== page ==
Ever since sexual assault allegations began to crop up against Bill Cosby, the famed comedian has either ignored them or issued a denial, most recently going to far as to say "a guy doesn't have to answer to innuendos." Now, it looks like we may see that line of thinking taken to its ultimate logical conclusion with The Bill Cosby Assault, a play slated for a 2015 Philly debut.

Coming to us from Philadelphia magazine scribe Victor Fiorillo, the production is currently up on Kickstarter seeking some $10,000 in funding to "tell the stories of the accusers and the skeptics through monologues, readings, dramatizations, movement and multimedia."

Producing the play independent of Phillymag, Fiorillo has gathered Philadelphia theatre personalities like James Ijames, Amy Smith and Jennifer Kidwell to develop The Bill Cosby Assaults, which still is only in very early development. It will be Fiorillo's first professional foray into writing and producing theater.

It is, ostensibly, an off-the-wall idea — one that is at once challenging and intriguing, if only for its controversial feel. But, like The Laramie Project or The Last Days of Mankind before it, The Bill Cosby Assault could well provide an important, somewhat distanced lens through which we as a society can organize our thoughts on the situation at hand. Emotion, after all, is more powerful than information when it comes to worldview.

I recently had a chance to speak with Fiorillo about his upcoming play to get his thoughts about the inspiration behind the play, the possible legal implications, and the support he's received among Cosby's alleged victims.

Check out the interview below:

Philly.com: Why choose to present the Cosby accuser stories as a stage play specifically over, say, a film or other digital presentation?

Victor Fiorillo: I've wanted to get my feet wet in theater writing and production for some time, and then this story kind of peaked. I realized that in the spirit of great documentary theater like The Laramie Project, the Cosby story might lend itself to a theater production. It's a pretty thick conversation to have, and like so many topics, the theater can provide a way into it.

PC: You've covered the Cosby sexual assault allegations for some time now. Do you see any ethical issues or conflicts of interest in mounting a play on the topic?

VF: I will approach doing this play with the same ethical and journalistic beliefs that I have in reporting about Cosby. I'm going to put the Cosby story out there on a stage in Philadelphia. To me it's just another platform to deliver my writing. There are some questions that remain to be answered about the journalistic implications of this, but I personally don't have any qualms.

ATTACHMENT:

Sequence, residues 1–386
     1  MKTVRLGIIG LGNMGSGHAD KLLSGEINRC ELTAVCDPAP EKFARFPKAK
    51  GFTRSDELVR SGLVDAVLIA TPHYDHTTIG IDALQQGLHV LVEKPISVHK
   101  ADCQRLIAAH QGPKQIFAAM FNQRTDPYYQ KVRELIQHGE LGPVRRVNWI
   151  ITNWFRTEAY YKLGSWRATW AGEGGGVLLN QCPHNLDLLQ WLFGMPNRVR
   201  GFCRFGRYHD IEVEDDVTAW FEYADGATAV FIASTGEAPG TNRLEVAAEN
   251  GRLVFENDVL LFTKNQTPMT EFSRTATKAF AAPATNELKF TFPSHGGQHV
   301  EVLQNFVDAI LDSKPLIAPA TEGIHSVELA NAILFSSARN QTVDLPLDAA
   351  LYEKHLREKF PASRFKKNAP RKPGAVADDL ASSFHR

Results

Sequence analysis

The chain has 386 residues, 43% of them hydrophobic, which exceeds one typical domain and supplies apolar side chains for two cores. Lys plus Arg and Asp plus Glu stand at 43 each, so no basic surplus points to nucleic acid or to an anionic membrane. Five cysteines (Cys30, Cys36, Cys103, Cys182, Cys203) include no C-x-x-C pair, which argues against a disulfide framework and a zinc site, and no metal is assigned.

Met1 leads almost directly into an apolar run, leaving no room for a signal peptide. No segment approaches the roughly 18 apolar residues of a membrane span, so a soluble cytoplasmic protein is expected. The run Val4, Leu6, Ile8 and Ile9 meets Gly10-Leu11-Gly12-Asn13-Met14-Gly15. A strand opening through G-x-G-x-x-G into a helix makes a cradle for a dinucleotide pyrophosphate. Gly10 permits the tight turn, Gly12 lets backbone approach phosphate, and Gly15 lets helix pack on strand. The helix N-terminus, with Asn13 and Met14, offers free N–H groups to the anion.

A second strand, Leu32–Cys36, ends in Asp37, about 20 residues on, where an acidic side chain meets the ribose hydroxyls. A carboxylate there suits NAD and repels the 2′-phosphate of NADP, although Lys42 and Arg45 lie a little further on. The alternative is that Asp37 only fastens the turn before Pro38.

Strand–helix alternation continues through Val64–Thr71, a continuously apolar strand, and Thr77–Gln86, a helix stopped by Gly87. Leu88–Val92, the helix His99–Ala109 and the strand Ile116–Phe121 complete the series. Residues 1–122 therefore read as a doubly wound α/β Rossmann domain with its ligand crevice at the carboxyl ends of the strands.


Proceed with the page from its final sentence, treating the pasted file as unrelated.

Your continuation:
PC: Will any of the donations or income from performing the play go toward benefitting charities or organizations combatting sexual assault and abuse?

VF: When I originally started pursing this with Kickstarter, that was something I intended to do, but Kickstarter makes it pretty clear that you're not allowed to solicit charitable donations. However, if this becomes a stage production in September, I will figure out a way to do that. I'm not doing this to get rich, especially as someone who knows how theater works in America in 2014.

PC: In your Kickstarter description, you say that you are "confident that The Bill Cosby Assault will be a success." What does that success ultimately mean?

VF: Success would come on many different levels. At a minimum, it would be that the play gets mounted and seen, and that it starts or continues a conversation in a productive way. This was a story back in 2005 and 2006, and then it went away. It's obviously a much bigger story right now, but I don't know if we'll be talking about it in September 2015 if not for the production of this play.

PC: Are you concerned about Cosby's lawyers getting litigious over the Kickstarter or the production? Could they be successful in doing so?

VF: I don't have any fears about Cosby's lawyers going after the Kickstarter per se. I would think that Cosby and his lawyers would have more issue with the play itself. They haven't made any legal claims against anybody at this point, and in order for them to do so they'd have to be willing to dispute the allegations and prove that they are false. Countless words have been written about Bill Cosby at this point, so if he chooses to go after my project, I will defend it vigorously.

PC: How do you plan on structuring the play? Will it be the voices of the accusers alone?

VF: It won't be these women's stories presented in a vacuum, absolutely not. For one, I don't think that would be fair, and for another, that just wouldn't make for good theater. We have to get into the many-layered conversation about rape culture and sexual assault, the media and Cosby, race, celebrity — all of these things play into the story. Cosby's voice, the voice of his lawyers, the voice of his accusers, and the voice of the many people who are skeptical of those accusers will all be factored into the play.

PC: Have you contacted Cosby's accusers about the play? Do you foresee any resistance in its production on their part?

VF: I'm pretty self-aware of how I might offend people when I do things like this, believe it or not.  I've let some of the victims know that I'm working on this. I haven't received any resistance from them. The very first contributor to my Kickstarter, and the largest contributor thus far at $100, was one of the accusers — Kristina Ruehli.

PC: Do you think the play ultimately could be viewed as exploitation of these women? Have you faced that criticism so far?

VF: My hope here is that this does the exact opposite of exploit them, and I would feel horrible if any of them felt that they were being exploited. There may be some in the media or theater world that think I'm exploiting them or this situation, but that's just not really the case.